CONCORD, N.H. (AP) - New Hampshire’s U.S. Senate race features an incumbent offering steady service and a challenger looking to shake things up.
U.S. Sen. Jeanne Shaheen, a Democrat seeking a third term, faces Republican Corky Messner, a newcomer to both politics and the state. While Shaheen has represented the state for decades as a state senator, governor and U.S. senator, Messner only moved to the state permanently in 2018 and has never held political office. He insists that is part of his strength.
“I see it as a significant benefit. I think we need political outsiders in Washington, D.C., to clean up the corruption there,” he said in an interview. “It’s time for a change.”
Shaheen counters that Messner has no record of standing up for New Hampshire.
“Clearly he has not been in New Hampshire, doesn’t know the state, hasn’t worked on the concerns that the people of New Hampshire have, whether it’s health care, whether it’s economic concerns or small businesses,” Shaheen said in an interview.
During the campaign, Shaheen has emphasized her record of helping small businesses during the coronavirus pandemic, securing funding to fight the opioid crisis and improving veterans’ access to health care. Health care has become an even greater focus for Democrats since Amy Coney Barrett ’s confirmation to the U.S. Supreme Court, which is set to take up a challenge to the Affordable Care Act the week after the election.
“That would create significant hardships for tens of thousands of people in New Hampshire if it’s overturned, and there is no plan to replace it,” Shaheen said. “What I hear people are most concerned about is the coronavirus, and the idea that there’s an effort to overturn the Affordable Care Act in the middle of this pandemic is just hard to fathom. It’s outrageous.”
While he supports repealing the Obama-era health care law, Messner says he supports continuing coverage for those with preexisiting conditions. As for the pandemic, he been critical of Shaheen for pushing for a more ambitious coronavirus relief bill instead of voting for a Republican-backed measure.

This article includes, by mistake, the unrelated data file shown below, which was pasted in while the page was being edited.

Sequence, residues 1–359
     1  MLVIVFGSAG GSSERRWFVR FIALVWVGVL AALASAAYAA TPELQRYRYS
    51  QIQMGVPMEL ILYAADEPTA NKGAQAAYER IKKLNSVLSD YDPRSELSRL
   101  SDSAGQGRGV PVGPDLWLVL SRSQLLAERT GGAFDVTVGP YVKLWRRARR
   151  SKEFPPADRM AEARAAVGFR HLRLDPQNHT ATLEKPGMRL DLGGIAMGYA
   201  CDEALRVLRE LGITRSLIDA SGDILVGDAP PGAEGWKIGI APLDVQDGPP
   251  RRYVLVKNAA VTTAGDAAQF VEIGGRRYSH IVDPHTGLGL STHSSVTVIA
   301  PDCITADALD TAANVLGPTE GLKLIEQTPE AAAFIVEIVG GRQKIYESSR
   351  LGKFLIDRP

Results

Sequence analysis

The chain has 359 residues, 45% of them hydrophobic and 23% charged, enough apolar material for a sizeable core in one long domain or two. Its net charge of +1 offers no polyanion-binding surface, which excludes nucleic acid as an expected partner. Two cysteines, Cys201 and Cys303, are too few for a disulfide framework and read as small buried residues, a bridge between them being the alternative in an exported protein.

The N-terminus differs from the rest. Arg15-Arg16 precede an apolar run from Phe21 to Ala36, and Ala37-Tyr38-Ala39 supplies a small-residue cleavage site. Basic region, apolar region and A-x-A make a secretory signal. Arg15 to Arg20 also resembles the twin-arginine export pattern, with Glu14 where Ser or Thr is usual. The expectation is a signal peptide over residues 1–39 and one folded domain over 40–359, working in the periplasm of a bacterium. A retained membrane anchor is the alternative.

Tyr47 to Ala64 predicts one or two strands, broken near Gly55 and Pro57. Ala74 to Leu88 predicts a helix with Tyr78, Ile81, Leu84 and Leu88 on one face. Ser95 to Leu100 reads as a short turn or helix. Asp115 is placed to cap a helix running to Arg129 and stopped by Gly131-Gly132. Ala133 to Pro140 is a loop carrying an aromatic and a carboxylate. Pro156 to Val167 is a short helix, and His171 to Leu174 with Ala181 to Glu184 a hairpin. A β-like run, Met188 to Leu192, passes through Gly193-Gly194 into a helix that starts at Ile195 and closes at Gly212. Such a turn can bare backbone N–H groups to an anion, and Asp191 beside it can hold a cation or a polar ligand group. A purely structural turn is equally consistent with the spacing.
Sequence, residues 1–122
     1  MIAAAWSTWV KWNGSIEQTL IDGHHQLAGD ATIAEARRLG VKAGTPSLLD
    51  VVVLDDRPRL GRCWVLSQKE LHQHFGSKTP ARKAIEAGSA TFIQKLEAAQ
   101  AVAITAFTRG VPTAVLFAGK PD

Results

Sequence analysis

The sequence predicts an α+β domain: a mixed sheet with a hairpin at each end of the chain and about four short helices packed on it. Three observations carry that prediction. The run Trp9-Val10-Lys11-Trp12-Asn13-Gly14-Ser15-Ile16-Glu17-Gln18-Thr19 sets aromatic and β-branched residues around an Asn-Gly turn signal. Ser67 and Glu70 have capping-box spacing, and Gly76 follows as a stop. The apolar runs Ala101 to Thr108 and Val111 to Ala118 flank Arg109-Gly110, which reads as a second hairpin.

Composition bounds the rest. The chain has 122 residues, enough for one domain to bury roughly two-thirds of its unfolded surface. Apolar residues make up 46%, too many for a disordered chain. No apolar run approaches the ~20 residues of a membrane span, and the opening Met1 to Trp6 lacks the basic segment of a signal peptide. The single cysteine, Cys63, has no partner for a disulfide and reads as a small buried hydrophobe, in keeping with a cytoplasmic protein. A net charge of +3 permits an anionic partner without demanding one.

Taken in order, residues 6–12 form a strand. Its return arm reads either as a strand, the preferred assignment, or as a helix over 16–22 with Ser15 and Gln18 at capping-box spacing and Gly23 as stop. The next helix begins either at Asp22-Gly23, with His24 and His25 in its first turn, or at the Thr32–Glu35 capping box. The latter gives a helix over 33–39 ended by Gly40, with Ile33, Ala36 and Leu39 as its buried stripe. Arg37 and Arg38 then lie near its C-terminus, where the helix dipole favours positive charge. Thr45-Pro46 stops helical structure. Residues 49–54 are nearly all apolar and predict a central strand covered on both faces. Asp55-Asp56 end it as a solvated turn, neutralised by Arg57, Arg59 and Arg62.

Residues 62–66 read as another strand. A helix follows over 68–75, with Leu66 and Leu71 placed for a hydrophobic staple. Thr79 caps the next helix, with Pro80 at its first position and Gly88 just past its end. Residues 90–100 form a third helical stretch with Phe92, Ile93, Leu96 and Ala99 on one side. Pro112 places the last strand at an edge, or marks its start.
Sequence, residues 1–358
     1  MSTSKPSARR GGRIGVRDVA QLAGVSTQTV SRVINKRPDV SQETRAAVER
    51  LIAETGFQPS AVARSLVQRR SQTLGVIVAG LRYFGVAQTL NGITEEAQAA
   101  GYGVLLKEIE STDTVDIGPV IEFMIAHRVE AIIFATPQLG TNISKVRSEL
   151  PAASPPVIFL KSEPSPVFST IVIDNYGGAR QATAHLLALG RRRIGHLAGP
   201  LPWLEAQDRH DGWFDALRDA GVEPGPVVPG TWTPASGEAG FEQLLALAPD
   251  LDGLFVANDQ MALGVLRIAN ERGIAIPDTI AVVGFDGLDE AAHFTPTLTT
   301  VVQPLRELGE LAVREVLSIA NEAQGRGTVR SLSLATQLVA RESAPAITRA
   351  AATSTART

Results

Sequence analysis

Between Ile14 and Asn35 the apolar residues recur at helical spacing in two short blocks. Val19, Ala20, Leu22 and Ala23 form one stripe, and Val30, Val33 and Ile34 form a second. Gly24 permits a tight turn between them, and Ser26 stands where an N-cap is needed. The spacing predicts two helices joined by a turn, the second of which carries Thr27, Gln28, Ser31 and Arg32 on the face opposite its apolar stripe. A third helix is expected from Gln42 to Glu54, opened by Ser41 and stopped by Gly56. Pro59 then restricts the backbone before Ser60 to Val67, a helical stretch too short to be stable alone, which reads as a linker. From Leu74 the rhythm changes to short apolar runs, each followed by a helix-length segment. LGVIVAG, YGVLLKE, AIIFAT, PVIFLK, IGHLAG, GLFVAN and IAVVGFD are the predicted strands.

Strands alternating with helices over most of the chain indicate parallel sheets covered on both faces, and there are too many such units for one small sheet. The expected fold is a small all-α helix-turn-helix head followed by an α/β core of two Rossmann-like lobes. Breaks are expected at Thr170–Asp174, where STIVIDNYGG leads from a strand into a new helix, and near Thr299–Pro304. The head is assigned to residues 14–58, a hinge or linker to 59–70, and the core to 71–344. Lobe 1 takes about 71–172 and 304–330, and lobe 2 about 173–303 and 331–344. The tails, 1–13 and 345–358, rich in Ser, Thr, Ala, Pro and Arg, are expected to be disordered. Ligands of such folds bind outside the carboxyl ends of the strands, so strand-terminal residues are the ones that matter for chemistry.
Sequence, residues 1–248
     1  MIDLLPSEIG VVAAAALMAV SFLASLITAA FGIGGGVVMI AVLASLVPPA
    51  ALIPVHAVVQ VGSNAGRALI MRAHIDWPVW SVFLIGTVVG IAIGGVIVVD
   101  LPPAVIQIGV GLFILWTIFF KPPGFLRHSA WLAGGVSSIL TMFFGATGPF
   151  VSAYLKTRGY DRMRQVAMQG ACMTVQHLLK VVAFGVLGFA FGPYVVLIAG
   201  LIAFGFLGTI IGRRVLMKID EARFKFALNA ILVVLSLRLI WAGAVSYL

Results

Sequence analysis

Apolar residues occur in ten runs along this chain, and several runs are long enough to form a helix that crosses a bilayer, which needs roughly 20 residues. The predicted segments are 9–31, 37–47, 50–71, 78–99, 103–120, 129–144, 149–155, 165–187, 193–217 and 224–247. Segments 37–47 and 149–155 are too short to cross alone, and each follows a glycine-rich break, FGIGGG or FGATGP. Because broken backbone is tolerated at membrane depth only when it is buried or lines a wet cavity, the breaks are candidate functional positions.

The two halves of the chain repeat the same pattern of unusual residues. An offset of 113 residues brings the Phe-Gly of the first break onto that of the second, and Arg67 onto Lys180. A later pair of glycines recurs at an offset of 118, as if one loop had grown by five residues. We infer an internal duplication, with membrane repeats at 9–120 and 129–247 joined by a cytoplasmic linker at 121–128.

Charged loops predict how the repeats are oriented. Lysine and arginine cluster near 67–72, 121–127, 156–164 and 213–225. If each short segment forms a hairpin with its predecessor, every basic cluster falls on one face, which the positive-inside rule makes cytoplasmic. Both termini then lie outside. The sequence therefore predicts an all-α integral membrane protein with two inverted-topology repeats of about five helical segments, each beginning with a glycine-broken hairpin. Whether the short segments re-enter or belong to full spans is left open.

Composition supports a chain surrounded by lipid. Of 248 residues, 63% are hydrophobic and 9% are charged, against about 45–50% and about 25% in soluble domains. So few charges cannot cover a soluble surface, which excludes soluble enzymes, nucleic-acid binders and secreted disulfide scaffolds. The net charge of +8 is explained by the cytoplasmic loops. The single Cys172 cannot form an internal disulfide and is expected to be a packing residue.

“It would have only taken one Democrat senator with some courage to say let’s pass this as a first step and then we can negotiate and talk about all the other stuff later,” he said.
Shaheen said more help is needed for small businesses, hospitals and state and local governments.
“I am not going to leave half of the state behind when we have hospitals that still need help, when we have an airline industry that still needs help, when we have small businesses that need more help than has been provided in that package,” Shaheen said in a recent debate.
Shaheen was the first woman elected governor of New Hampshire and the first woman in U.S. history to serve as both governor and senator. If she wins Tuesday, she will become only the second New Hampshire Democrat to win a third Senate term. The first was Thomas McIntyre in 1978.
Messner hasn’t built up much name recognition beyond his endorsement by President Donald Trump, while Shaheen “enjoys all the advantages of incumbency, especially name ID,” said Dante Scala, a political science professor at the University of New Hampshire.
Messner has lagged behind Shaheen in both polls and fundraising. As of Oct. 14, Shaheen had raised nearly $19 million and had $3 million on hand. Messner had taken in $6.8 million, including nearly $6 million he loaned his campaign, and had $2.5 million on hand.
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